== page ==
Globalization in other fields is perceived with mixed feeling. But after 20 years, I guess most of us now agree that the attempt to transform the world with Western values and political system is far from achieving all of its purposes，and new problems are added to old woes. The negative result is still haunting some countries, leaving many people and families displaced. The lessons are profound.
As an ancient Chinese saying goes, “sweet oranges grown in the south would taste sour once transplanted to the north. The orange trees may still look the same, yet the soil and climate conditions have changed.” This wise teaching that has come down in history reminds us of the importance to respect differences not to impose on others.
In world security, international cooperation is lacking partly due to the structural obstacles. The US, the strongest military power in the world, has failed to build an all-inclusive security framework after the Cold War. It prefers to take its military alignment as the pillar of the world security.
However, as we all know, the alignment is based on an exclusive security approach, and sometimes even leads to the insecurity of non-allies. For example, the US has prioritized the interests of its allies in the territorial disputes in the East and South China Sea, while not willing to recognize the interests of China, which is not an ally.
The Korean Peninsula is an even more unfortunate example. After the Korean War, the US has maintained its military presenceand the Peninsula has been trapped inconfrontation for over half a century. Due to the deep mistrust between the US and North Korea, no peace agreement, be it bilateral or multilateral, could be fully implemented. The US, emphasizing the security of its own and its allies, has exerted mounting military pressure and called for continued sanctions; while North Korea, hoping to achieve ultimate security, and in disregard of regional security, has speeded up nuclear and missile tests, resulting in a vicious circle of action and reaction. The world is now witnessing a growingly dangerous situation.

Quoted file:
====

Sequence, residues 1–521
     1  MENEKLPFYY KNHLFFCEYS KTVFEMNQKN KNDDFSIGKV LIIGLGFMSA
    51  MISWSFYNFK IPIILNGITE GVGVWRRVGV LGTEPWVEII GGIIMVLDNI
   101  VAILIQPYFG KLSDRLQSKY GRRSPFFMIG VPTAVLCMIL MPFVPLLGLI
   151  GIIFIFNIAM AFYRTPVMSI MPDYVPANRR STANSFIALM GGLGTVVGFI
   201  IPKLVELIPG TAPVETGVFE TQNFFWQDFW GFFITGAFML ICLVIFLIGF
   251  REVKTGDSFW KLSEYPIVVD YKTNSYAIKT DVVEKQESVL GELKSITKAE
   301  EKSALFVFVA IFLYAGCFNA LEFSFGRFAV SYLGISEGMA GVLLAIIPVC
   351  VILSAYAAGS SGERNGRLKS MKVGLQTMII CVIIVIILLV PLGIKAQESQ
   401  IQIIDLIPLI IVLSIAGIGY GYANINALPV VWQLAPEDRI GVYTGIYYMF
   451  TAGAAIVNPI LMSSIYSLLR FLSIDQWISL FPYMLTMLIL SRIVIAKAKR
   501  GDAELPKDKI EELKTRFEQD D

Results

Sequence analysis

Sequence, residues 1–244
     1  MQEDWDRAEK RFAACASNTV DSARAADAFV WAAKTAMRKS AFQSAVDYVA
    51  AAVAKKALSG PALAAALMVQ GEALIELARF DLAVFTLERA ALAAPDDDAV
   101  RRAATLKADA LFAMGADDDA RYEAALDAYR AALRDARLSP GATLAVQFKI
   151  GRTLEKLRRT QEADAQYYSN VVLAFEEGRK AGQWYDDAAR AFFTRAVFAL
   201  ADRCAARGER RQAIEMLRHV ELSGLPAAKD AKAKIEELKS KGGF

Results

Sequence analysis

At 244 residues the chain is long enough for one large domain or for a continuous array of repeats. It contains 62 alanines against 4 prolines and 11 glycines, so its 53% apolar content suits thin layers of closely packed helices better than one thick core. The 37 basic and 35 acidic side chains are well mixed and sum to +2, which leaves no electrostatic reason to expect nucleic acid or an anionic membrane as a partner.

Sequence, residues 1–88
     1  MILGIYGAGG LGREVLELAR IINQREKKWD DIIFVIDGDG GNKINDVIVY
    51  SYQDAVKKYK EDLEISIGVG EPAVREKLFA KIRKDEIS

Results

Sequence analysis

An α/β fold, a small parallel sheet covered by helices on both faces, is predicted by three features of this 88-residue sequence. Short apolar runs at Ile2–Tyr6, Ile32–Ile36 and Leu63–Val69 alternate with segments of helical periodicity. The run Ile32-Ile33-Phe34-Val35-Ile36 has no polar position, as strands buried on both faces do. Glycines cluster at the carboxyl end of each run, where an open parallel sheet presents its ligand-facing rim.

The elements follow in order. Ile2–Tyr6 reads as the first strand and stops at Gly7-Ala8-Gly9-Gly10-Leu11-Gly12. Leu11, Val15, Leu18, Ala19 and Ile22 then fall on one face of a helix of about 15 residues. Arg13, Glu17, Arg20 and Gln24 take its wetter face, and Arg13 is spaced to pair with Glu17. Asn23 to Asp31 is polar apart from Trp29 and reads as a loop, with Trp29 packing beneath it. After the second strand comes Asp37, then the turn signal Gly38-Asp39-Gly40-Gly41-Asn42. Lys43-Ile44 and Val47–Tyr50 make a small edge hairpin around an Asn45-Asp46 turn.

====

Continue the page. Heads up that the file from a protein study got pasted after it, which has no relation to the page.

So, the world can be safe only when all countries are free from threat and feel safe. China’s thinking on a community of security can be summed up into the following: 1, Common security, meaning to respect and ensure the securityof each and every country, rather than some countries being safer than others. 2, Comprehensive security, meaning tackling both traditional and nontraditional security threats. 3, Cooperative security, meaning promoting common security through communication and cooperation. 4, Sustainable security, meaning also paying attention to development which, for many developing countries, is the vital path to stability and security.
For China, it’s important to strengthen its defense forces to protect the country and the people, and handle security challenges that confront China. For international security, China mainly plays a role within the UN framework. For example, China is the biggest contributor to peacekeeping among the 5 permanent members of the Security Council. The Chinese navy has actively participated in anti-piracy operations in the Gulf of Aden.
So, to conclude, we live in a changing world and the international cooperation and institutions need to keep up with the times. If countries maintain a closed bloc or an exclusive approach to security or stick to geopolitical competition, it would be hard to form synergy in countering rising new challenges. China hopes to see the world moving towards a community with a shared future. The world should have a common roof for all, and to share not to divide.
(The article is based on a speech the authoer delievered at the Third Mediterranean Dialogue held in Rome on November 30, 2017)